Monday, March 5, 2018

Tuesday/Wednesday, March 6/7, 2018

Announcements and Reminders:

Book Sign-Ups were due February 28!  
Literary Nonfiction

If you  weren't here to get the Nonfiction Book-of-the-Month Assignment, you can download it from here:
Due by  March 21.

Finding the Central Idea Graphic Organizer.docx
Recommended Nonfiction
See the tab above for required reading for more information.   

Important End of Term Information:  
March 2  was the deadline for handing in late and revised work, unless you make special arrangements with me.                            
  • The term ends Friday.
  • Your book sign-up goes on this term. 
  • Your lowest conventions grade is being excused. 
  • No more conventions or spellings retakes unless you had arranged that ahead of time with me. 
  • If you had not originally taken any of the conventions and spelling tests, you may take them Tuesday or Thursday during Cave Time. 
  • Hand in your unused hall passes this week.  
Getting started today: 
Receive, study, and complete the prepositional phrase handout. 

Targets for Today:

B5: I can use details from fiction and nonfiction to find the most important ideas. 
A1, A2, B7:  I can take apart a writing prompt to know exactly what I need to write.

Today’s  Agenda:

Sign up for your nonfiction book of the month if you haven't.
Receive, study, and complete the prepositional phrase handout. 

A1, A2, B7:  (B5 needs RAFTS)

Steps to Decode a Prompt:  (Why?)
Reading a Writing Prompt

Approach 1: 
1.      Circle the VERBS that tell YOU what to do.
2.      Underline WHAT it asks you to write about (usually a phrase)
                 What is your writing supposed to be about?
3.      Squiggle under the FORM it wants you to respond in.

essay, paragraph, letter, poem, story, infographic, list, 

Here is a more thorough approach:
Reading a Writing Prompt

This is a link to Verbs commonly used in a writing prompt.

Practice Prompt: While everyone has to eat, not everybody agrees with what is tasty and what isn’t.

List 3 foods that you feel very strongly about and label them either “love” or “hate.” Then, choose one and use specific details to explain why you love it or hate it.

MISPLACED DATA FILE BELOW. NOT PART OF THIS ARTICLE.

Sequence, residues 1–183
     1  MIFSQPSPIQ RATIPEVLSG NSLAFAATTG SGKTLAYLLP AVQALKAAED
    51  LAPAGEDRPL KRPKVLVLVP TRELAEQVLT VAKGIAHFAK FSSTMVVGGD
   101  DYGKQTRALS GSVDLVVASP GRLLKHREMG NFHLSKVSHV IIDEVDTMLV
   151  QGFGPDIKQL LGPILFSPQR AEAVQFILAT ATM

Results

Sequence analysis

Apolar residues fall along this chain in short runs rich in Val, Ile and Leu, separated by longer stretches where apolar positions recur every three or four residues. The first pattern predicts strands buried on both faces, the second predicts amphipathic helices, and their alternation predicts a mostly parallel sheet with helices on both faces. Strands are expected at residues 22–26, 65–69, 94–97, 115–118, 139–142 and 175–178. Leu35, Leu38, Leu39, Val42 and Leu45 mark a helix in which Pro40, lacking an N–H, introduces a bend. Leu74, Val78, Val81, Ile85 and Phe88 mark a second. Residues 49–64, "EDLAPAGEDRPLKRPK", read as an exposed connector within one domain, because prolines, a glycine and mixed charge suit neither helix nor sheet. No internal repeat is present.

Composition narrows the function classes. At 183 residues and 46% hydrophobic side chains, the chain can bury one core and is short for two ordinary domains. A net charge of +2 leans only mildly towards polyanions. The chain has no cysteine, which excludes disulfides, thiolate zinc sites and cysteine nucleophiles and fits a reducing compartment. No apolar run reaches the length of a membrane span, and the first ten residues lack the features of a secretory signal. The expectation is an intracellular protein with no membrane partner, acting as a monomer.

B5: (The other classes already did this.)

2.  Using supporting details (the most important details) to determine a theme. (in fiction)

Determine the main message or point of each part of the story, then put them together to come up with a theme.

theme: a big idea in fiction  --  what the author is saying about the topic -- a message that applies in many, many situations  and to the experience of many, many people 

(See some possible themes for this book below.)

3.  Using supporting details (the most important details) to determine a central idea. (in nonfiction

The Pros and Cons of Sports for Middle School Students.docx

Determine the most important facts or ideas in each paragraph, then put them together to come up with a central idea.

central idea:  a big idea in nonfiction -- what the author is saying about the topic -- will usually be specific to that story, and not apply to other situations or people

Drawing out the Central Idea -- We will practice the drawing strategy to find the most important points and the central idea in a passage.

You could use this strategy when you are taking a reading test and/or when you are taking a writing test the requires you to read articles and other materials first.

The key to happiness is making your loved ones happy.
Selfishness (or greed) does not bring happiness.
Taking does not bring happiness -- giving does.
Those who take and take are never satisfied, but those who give all find happiness in the end.
In giving you receive.
Giving too much is not good for the person to whom you are giving. 

If You Were Absent:

See the reminders and agenda above.  


 Help and Enrichment 

Teacher materials: